Since the fall of 2017, IPDC has been working with member governments to develop a parks and recreation master plans. The development of these plans has involved establishing parks and recreation steering committees, researching the jurisdiction’s current and future conditions, analyzing the current state of the park systems, gathering substantial public input from park users and the steering committees, and developing a set of recommendations to help guide future growth of the park systems. See below for examples of parks and recreation plans created in coordination with IPDC.
Town of Grover Parks and Recreation Master Plan
The Grover Town Council and Grover Parks and Recreation Steering Committee are currently reviewing the draft Town of Grover Parks and Recreation Master Plan. Grover Town Councils plans to hold a public hearing on the adoption of the plan on August 13th at 6:30 p.m. in Grover Town Hall. To view Grover’s draft plan, click here. Submit any feedback to Grover Town Council. You can submit feedback by attending the August 13th Town Council meeting at 6:30 p.m. in Grover Town Hall (207 Mulberry Rd, Grover, NC 28073) or by calling town hall at (704)-937-9986.
2018 Rutherfordton Parks and Recreation Master Plan
The Rutherfordton Town Council adopted the 2018 Town of Rutherfordton Parks and Recreation Master Plan on June 6th. To see the Daily Courier article about the plan’s adoption, click here. If you would like to see the adopted Town of Rutherfordton Parks and Recreation Master Plan, click here.
Town of Spindale Parks Planning
IPDC is also working with the Town of Spindale to assist with the development of a system-wide parks and recreation master plan. Be on the lookout for the Spindale Parks and Recreation Survey, expected to be released in August!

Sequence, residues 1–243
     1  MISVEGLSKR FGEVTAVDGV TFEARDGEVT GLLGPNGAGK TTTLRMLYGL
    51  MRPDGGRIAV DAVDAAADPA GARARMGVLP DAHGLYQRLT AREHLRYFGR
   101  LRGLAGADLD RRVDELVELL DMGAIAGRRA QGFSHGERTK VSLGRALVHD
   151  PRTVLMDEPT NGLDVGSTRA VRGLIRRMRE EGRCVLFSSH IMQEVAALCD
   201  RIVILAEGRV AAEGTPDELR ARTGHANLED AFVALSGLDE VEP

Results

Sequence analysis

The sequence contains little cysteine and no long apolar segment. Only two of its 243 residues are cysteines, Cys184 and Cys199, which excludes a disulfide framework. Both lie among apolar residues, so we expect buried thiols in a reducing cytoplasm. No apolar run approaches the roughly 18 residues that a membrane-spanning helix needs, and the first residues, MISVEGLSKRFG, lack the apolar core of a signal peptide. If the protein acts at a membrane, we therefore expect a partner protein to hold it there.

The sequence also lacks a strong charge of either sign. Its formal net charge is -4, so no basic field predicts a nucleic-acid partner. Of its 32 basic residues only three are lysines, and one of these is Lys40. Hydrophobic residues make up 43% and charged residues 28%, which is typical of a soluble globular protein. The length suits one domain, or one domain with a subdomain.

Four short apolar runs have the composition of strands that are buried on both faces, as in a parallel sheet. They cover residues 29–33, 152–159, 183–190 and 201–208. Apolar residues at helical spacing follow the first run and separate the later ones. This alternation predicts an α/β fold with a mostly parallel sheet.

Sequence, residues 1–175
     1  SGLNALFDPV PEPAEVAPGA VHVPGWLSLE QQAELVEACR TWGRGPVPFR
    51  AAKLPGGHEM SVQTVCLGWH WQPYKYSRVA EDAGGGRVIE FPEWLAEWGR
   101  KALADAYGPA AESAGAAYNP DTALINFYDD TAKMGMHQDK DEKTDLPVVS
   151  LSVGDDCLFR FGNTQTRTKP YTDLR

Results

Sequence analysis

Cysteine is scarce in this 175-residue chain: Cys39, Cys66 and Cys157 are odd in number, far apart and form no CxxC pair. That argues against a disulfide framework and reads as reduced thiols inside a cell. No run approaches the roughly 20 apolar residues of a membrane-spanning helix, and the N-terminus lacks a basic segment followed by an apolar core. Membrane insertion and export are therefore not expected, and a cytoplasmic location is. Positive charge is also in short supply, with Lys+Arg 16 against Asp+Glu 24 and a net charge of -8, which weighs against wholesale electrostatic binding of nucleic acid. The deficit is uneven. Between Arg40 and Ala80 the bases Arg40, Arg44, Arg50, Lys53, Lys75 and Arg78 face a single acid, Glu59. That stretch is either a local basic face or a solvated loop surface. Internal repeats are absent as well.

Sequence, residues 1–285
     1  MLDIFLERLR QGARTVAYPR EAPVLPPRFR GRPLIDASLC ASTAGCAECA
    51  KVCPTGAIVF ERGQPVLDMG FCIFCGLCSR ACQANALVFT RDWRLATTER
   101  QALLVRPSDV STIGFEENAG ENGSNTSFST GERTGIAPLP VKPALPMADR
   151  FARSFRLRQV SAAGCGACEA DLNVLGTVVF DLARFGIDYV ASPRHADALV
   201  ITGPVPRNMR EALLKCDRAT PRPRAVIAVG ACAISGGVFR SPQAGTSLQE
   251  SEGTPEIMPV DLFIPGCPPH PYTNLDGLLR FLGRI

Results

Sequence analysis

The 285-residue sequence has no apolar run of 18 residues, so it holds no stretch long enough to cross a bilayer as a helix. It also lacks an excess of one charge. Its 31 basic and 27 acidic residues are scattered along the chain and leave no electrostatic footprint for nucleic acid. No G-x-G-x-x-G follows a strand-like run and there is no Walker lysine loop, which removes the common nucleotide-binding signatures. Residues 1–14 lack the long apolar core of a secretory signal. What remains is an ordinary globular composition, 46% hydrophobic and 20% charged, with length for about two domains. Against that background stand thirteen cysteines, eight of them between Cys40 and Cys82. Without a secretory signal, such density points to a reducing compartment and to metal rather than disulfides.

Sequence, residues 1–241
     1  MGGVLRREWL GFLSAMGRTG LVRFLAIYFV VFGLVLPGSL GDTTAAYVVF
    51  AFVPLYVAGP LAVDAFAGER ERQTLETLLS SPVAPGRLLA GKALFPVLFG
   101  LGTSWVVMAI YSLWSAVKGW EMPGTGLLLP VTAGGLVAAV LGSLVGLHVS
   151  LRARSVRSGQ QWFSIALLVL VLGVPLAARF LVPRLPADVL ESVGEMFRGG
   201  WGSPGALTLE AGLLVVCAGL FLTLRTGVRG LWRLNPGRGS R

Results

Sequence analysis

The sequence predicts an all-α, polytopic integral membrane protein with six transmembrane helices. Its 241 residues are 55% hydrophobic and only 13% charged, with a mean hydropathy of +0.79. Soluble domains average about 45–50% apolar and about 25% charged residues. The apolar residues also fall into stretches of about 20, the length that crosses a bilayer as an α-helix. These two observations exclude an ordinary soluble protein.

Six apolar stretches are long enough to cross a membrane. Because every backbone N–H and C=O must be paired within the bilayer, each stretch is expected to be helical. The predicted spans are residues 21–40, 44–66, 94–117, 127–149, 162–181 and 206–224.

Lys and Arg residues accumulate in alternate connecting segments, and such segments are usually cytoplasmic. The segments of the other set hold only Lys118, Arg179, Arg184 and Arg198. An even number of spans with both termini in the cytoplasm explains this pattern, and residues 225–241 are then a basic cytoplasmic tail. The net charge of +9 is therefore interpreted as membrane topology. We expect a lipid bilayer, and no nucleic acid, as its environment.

Why Plan for Parks and Recreation?
Because parks are valuable and desired!
According to City Parks Alliance, there is a public health, environmental,
community, and educational value to public parks. “If you want to stay heart
healthy, then communing with nature at your local park is a good first step.
People living near parks have greater opportunities to be physically active by
running, walking or participating in other heart happy activities” (City Parks Alliance) Even a passive, non-recreational park can achieve many public health benefits. Public parks provide opportunities for people of all ages to get in touch with nature without having to travel far from home. Parks are a valuable benefit that everyone can share.
Parks and open spaces also have an economic impact on neighborhoods,
homeowners, and local governments. Active Living Research found that
“walkable neighborhoods, parks and open spaces can generate economic
benefits to local governments, home owners and businesses through
increasing property values and related property tax revenues” (Active Living Research). Additionally, the National Parks and Recreation Association determined that “…parks are one of the most direct ways to put a dent in the approximately $147 billion direct and
indirect costs of the obesity epidemic” (National Research and Park Papers: The Key Benefits).
System-wide parks and recreation master plans can help a local government gather useful input from town residents and park users, guide the future growth of a parks system, and help obtain grant funding for recreation projects.
For more information about how IPDC can help member governments with parks and recreation planning or other planning services, contact Executive Director Scott Dadson.